Very few artists could even imagine the rollercoaster experienced by Scott Stapp over the last 15 years. As the iconic front man for the Grammy-winning rock band Creed, Stapp was recognizable on most continents due to global tours and album sales over 60 million strong. With 11 No. 1 hits including “With Arms Wide Open” and “Higher”, Stapp was standing on top of the musical world.


Unfortunately, the mountaintop experience provided Stapp the highest place from which to fall. Band tensions and other factors precipitated the band’s break-up in 2004, and Stapp says everything spiraled out of control from that point on. From a documented suicide attempt to serious drug and alcohol addiction, Stapp’s emotional turmoil and physical behavior brought him to his lowest point. It was a hole Stapp thought might become his grave.


The good news is God was just beginning His redemptive work in Stapp’s life. Years later, Stapp has turned his life around and committed himself to telling the story of it all. In 2012, Stapp released his autobiography entitled Sinner’s Creed, a tell-all that describes his downfall and how faith in God brought him back. Proof of Life is his brand new solo album, a musical accompaniment to the content in the book.


“It definitely wasn’t easy to get to this point,” says Stapp, “To get through the book, to get through this record, to get sober and clean, to bring healing and repair the chaos and the hurt and the pain that not only I experienced, but that alcoholism and addiction can bring to those that you love. It holds them hostage in the torment that it can bring to their lives, and through all the destruction that follows.”


Stapp says he’s finally sober after going through rehab, and his faith community has helped restore his family life as well. Stapp says he’s both appreciative and anxious of the chance to share the message of getting on and off the destructive ride that led him to this point.


“I made it out,” he says. “I survived. It’s a miracle and I’m just thankful to God and by the grace of God that I’m alive, and I’m really, really excited about this next season in my life. As a Christian, I’m excited about what God’s doing in my life and what I’m going to be blessed to have the opportunity to do.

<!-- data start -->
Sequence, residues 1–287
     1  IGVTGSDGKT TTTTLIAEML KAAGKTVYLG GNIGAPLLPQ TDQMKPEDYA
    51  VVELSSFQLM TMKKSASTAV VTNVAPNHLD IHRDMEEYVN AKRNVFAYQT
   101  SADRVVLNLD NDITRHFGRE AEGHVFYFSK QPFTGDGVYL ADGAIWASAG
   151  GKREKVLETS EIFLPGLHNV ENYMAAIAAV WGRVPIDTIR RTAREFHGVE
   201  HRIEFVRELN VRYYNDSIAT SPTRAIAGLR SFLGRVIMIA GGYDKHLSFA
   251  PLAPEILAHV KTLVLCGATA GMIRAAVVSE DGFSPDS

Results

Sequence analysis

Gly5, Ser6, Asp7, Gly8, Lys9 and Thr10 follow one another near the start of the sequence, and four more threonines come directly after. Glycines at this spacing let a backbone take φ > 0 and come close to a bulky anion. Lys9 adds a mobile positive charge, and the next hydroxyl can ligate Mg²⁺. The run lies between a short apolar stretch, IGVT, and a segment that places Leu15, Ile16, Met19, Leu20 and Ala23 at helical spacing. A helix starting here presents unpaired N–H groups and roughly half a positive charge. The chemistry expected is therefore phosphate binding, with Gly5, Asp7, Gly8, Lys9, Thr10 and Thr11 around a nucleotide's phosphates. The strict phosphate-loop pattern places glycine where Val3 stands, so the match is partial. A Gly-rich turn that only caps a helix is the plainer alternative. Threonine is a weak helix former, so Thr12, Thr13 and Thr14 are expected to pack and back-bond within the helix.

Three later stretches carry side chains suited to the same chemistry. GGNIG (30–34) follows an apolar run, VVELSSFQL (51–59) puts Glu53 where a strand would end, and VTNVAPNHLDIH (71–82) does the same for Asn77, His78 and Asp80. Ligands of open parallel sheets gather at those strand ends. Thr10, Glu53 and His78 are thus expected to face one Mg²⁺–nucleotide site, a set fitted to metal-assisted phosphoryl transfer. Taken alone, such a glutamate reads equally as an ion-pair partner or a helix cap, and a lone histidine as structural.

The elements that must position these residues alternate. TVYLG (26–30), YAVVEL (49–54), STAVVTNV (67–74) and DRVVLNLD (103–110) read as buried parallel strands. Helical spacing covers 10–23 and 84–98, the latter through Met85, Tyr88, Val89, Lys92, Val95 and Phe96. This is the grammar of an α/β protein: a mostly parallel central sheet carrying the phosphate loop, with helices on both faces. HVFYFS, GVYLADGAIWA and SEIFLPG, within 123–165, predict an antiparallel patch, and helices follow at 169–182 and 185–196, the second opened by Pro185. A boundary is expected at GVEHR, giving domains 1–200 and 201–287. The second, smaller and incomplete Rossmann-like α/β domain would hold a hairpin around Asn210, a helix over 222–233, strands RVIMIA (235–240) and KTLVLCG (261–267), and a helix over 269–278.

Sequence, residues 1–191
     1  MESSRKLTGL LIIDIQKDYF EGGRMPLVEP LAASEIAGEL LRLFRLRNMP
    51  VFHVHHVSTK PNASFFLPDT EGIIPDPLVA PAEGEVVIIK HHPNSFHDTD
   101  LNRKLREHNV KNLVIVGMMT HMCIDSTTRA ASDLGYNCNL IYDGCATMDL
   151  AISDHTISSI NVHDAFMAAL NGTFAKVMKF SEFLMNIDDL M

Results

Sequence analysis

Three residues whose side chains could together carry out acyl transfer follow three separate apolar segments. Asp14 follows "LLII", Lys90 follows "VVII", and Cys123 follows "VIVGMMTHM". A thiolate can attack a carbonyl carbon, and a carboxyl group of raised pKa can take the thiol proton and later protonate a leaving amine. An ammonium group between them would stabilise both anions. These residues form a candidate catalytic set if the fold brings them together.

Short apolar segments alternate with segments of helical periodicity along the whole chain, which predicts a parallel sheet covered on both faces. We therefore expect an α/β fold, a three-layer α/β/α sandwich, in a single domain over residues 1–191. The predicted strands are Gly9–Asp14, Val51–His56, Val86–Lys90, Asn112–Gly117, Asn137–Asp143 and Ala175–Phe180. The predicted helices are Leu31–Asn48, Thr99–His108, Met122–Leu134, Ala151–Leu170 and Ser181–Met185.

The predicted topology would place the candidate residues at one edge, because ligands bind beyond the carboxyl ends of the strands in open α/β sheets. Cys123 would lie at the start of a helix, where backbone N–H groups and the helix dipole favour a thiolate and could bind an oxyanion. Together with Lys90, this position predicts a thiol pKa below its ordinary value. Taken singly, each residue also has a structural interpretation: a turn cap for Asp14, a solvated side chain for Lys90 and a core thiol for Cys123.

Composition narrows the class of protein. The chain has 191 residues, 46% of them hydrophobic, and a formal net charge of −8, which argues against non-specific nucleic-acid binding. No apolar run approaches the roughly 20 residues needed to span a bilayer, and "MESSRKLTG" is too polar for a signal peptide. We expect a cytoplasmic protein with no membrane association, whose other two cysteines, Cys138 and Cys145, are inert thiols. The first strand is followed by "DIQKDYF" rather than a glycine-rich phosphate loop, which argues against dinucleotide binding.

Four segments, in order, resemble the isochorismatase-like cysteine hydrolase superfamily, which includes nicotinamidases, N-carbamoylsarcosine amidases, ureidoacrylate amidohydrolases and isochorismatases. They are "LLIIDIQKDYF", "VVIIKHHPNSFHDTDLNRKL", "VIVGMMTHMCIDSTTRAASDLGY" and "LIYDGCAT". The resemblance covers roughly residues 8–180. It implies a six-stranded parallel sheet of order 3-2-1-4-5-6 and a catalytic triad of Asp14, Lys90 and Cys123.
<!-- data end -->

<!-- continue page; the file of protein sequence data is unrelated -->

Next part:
“I’m grateful for the opportunity to give this back and share this in the hope that others who are going through some situations that are similar to what happened to me—whatever they’re going through, anything that’s holding them hostage and that they’re a prisoner to—that there is hope. I can tell you because I lived it.”


Stapp says that despite the hopelessness around him, the music was always there waiting to come out. Now his gifts have become the very vehicle for finding hope again.


“When I talk about the season being over—that season of all the negativity, the addiction, the alcoholism, the abuse—I don’t classify music and creativity as a season because that’s who I am and that’s going to be a part of me whether that’s professionally or privately, so that’s one thing that will remain constant.


“But this season in my life of going to that place where I went, I can never go there again. I can speak for certainty and by the grace of God and only through God’s help and His strength and His love and compassion, I can speak with clarity today that there are certain things in my life I have overcome that I will never go back to again.”


Longtime fans of Creed or Stapp’s solo work might be surprised by the variety on Proof of Life. It’s a testament to Stapp’s new lease on life. He’s a free man now, in more ways than one, which means the rock and roller might indulge other tastes if that’s what he’s interested in.


“I felt like I had no boundaries,” Stapp says of recording Proof of Life. “I felt like I was 100 percent free to create the platform, sonically, exactly based on that moment of inspiration and not be confined to a box. I didn’t feel like, ‘I have to write music this certain way because that’s what I’m supposed to do.’ Mainly I felt that before because of being in a band and knowing how other people feel. To be able to not have those constraints frees me to just be the artist that I am who loves a variety of music, from hard rock to country to pop.”


While Stapp gives God the glory for saving him from his despair and depression, he also credits his fans for their steadfast support along the way. In fact, Stapp says his fans have often been the vehicle through which God has spoken to him to lift him up.


“My fans have been the most loving, supportive angels in my life,” he says. “They’re always there to say something at just the time I needed support, and they didn’t even know what was going on behind the scenes. And then when things went public, they had my back. They didn’t turn on me. They were there with compassion and understanding.


“I just have so much love for my fans, and it’s genuine because it’s a real relationship,” he continues. “We’ve gone through a lot together and they’ve stood by me. At times they’ve almost been like instruments from God to me, to speak truth into my life and to speak love and support into my life when I needed it most. I just hope I can give back to them through this music what they’ve given to me.”



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